Effective UI

Book description

People expect effortless, engaging interaction with desktop and web applications, but producing software that generates enjoyable user experiences is much harder than many companies anticipate. With Effective UI, you'll learn proven user-experience strategies that will satisfy your clients and customers, drive business value, and increase brand strength.

This book shows you how to capture the collaborative and cooperative spirit among designers, engineers, and management required for building engaging software. You'll also learn valuable methods for maintaining focus throughout the process -- whether you're a product manager who needs a clear roadmap, a developer or designer looking for guidance and advocacy, or a businessperson who wants to understand and manage user-experience software initiatives.

Learn how to build software that will:

  • Generate engaging and interactive experiences between consumers and businesses, or between businesspeople and their information systems
  • Account for how people work with, think about, and consume information
  • Establish a richer means of collaboration and communication
  • Reduce frustration by streamlining complex tasks and creating processes that are more intuitive
  • Distinguish products, services, and brands to create a competitive advantage
  • Create scalable systems that adapt to changing user needs and behaviors

Publisher resources

View/Submit Errata

Table of contents

  1. Preface
    1. Thanks and Acknowledgments
      1. Thank You to Our Virtual Coauthor
      2. Thank You to Our Friends at O’Reilly Media
      3. Thank You to Everyone at EffectiveUI
      4. Additional Thank-Yous
      5. Thanks to Our Partners
    2. Safari Books Online®
  2. 1. Building an Effective UI
    1. Understanding UX
      1. What Good UX Accomplishes
        1. Engagement as immersion
        2. Engagement as the fourth wall
        3. Engagement as frictionless accomplishment of goals
        4. Engagement in software
      2. Why Engagement and Good UX Matter
      3. The Elements of Engaging UX
        1. Familiarity
        2. Responsiveness and feedback
        3. Performance
        4. Intuitiveness and efficiency
    2. Herff Jones eDesign: Intuitiveness Versus Efficiency
      1. Helpfulness in accomplishing real goals
        1. Helpfulness in accomplishing real goals
        2. Delivery of relevant, valuable content
        3. Internal consistency
        4. External consistency
    3. Herff Jones eDesign: Integrated Experience
      1. Appropriateness to context
        1. Appropriateness to context
        2. Trustworthiness
        3. Summing up
        4. Stakeholders and product managers
        5. UX architects and designers
        6. Technical architects
        7. Software engineers
        8. Quality assurance (QA) and user acceptance testing (UAT)
    4. Redefining Two Fundamental Terms
      1. Design
      2. Development
  3. 2. Building the Case for Better UX
    1. Why Now Is the Moment for UX
      1. Motive
        1. UX leaders and innovators are raising the bar
        2. Web technology is pushing the envelope
          1. Web 2.0
          2. Rich Internet applications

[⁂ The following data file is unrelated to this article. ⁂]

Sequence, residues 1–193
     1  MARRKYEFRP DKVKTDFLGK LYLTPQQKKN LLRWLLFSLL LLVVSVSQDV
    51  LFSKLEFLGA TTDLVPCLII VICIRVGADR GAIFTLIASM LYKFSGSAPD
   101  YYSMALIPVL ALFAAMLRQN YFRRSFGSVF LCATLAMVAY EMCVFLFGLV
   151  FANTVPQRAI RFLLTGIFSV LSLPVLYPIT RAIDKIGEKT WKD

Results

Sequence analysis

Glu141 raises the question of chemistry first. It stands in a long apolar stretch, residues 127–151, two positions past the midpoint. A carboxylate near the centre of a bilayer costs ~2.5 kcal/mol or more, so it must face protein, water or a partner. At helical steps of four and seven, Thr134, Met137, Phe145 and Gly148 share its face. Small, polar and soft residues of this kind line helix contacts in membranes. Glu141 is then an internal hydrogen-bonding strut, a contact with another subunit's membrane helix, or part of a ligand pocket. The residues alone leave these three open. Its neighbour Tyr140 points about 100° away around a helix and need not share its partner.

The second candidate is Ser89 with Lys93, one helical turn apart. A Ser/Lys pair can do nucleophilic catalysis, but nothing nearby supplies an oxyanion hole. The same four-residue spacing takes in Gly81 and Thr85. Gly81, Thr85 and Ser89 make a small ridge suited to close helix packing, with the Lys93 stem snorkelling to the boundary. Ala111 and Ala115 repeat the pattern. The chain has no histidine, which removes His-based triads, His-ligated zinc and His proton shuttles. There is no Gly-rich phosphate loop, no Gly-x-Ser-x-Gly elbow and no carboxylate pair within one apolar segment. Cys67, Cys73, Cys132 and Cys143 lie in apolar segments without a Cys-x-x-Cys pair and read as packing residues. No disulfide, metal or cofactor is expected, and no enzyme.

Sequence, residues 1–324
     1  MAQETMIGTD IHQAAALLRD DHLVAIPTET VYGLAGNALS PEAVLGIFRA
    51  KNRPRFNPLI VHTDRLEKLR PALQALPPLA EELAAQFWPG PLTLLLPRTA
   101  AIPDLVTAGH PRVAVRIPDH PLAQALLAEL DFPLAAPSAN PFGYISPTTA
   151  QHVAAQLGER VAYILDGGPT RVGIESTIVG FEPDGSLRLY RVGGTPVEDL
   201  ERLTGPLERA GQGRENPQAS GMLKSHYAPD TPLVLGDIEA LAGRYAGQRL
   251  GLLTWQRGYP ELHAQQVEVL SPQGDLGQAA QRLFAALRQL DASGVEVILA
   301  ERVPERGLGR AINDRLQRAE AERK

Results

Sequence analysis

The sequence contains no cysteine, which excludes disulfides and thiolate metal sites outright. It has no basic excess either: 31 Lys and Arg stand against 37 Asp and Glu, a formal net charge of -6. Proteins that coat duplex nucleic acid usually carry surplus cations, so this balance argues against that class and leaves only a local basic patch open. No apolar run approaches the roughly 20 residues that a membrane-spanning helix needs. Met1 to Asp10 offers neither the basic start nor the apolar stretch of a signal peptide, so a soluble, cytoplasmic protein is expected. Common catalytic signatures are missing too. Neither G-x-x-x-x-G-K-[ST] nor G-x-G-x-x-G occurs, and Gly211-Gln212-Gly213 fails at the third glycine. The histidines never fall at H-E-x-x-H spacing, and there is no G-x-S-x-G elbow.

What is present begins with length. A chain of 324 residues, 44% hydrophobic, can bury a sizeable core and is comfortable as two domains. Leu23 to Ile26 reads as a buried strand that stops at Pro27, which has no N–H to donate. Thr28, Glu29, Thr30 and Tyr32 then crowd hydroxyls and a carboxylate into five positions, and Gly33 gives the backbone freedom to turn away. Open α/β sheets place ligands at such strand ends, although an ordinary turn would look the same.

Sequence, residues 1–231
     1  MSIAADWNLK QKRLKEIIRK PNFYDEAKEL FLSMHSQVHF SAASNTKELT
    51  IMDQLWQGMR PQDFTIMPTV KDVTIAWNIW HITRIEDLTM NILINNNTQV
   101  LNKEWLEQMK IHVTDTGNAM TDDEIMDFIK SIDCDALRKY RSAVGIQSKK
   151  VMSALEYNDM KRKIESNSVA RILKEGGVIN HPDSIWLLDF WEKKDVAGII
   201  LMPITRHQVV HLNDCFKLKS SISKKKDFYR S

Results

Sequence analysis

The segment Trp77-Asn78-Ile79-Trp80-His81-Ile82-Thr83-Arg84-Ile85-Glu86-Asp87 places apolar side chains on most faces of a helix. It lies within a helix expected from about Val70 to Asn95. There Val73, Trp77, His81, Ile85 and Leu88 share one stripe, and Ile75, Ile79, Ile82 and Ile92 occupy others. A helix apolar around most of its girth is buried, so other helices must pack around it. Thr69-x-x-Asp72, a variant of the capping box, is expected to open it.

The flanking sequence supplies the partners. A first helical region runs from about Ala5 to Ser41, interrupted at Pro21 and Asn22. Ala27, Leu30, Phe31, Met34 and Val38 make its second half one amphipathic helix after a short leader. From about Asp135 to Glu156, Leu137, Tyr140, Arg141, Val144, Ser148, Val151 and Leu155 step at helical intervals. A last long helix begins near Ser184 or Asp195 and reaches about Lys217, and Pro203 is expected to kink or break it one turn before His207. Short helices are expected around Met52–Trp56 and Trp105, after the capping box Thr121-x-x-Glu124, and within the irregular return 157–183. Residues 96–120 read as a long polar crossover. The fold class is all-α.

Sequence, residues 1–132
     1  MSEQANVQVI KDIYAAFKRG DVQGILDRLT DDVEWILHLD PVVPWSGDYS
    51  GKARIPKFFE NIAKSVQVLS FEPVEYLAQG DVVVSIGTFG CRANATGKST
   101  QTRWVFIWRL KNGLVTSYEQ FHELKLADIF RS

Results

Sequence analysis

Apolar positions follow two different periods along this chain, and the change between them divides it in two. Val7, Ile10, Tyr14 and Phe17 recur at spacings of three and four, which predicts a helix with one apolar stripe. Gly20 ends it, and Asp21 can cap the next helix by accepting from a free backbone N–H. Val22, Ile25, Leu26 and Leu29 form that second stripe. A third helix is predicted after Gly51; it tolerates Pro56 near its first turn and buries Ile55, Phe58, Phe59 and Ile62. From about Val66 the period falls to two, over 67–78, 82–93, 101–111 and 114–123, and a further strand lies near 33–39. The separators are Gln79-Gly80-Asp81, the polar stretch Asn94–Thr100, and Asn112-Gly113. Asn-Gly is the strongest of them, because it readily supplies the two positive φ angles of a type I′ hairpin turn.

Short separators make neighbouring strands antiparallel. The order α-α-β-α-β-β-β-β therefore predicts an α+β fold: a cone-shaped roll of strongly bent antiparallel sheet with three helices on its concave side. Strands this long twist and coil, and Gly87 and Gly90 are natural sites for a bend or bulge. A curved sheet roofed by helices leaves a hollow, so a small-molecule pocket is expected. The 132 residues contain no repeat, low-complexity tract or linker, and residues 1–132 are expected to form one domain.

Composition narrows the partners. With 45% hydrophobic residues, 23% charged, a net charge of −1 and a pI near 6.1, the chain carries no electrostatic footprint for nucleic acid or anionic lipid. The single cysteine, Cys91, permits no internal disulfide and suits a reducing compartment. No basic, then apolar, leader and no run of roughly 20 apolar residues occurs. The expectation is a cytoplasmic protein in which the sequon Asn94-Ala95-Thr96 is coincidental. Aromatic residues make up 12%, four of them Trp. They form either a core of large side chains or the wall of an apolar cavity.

2. Means
        1. The tools for better UX
        2. The money and time for better UX
        3. The professional support for better UX
      3. Opportunity
        1. The CX trend
        2. The rise of the information workplace
        3. Standing on the shoulders of giant IT expenditures
    2. Winning Support for Better UX
      1. Stakeholders
        1. Understanding the stakeholder perspective
      2. Education
        1. The UX Fund
        2. Connecting user goals to business goals
        3. Connecting business goals to user behaviors
          1. Call center information systems
        4. Using the examples of others
          1. Online tax preparation software
          2. Mint and Yodlee
        5. Expose stakeholders to user feedback
      3. Quantifying the Business Value
      4. Materializing and Proving the Concept
        1. Wireframes and graphic comps
        2. Storyboards
        3. Animatics
          1. Future vision
          2. UX showcase
          3. User experiences
      5. Other Strategies for Building Support
        1. Start with something small
        2. Lean on the credibility of outside experts
        3. Stay under the radar
  4. 3. Effective Planning and Requirements
    1. Uncertainty and the Unknown
      1. The Humility of Unknowing
      2. The Weakness of Foresight and Planning
      3. Friction in a Complex and Peculiar System
        1. The CAS of software
        2. The CAS of software development
        3. The peculiarity of the system
      4. Subjectivity and Change
    2. Lessons from Uncertainty and the Unknown
      1. The Further You Are in the Project, the Wiser You Are
      2. Start Development As Soon As Possible
      3. Written Functional Requirements and Specifications Are Inherently Flawed
      4. Commitments to Scope Are Untenable
      5. Relish and Respect the Unexpected
      6. Intolerance of Uncertainty Is Intolerable
    3. Effective Requirements
      1. How Framework Requirements Are Built
        1. Extending the requirements
      2. Reexamining the Three-Legged Stool
      3. Commitments You Can Live Up To
    4. Effective Process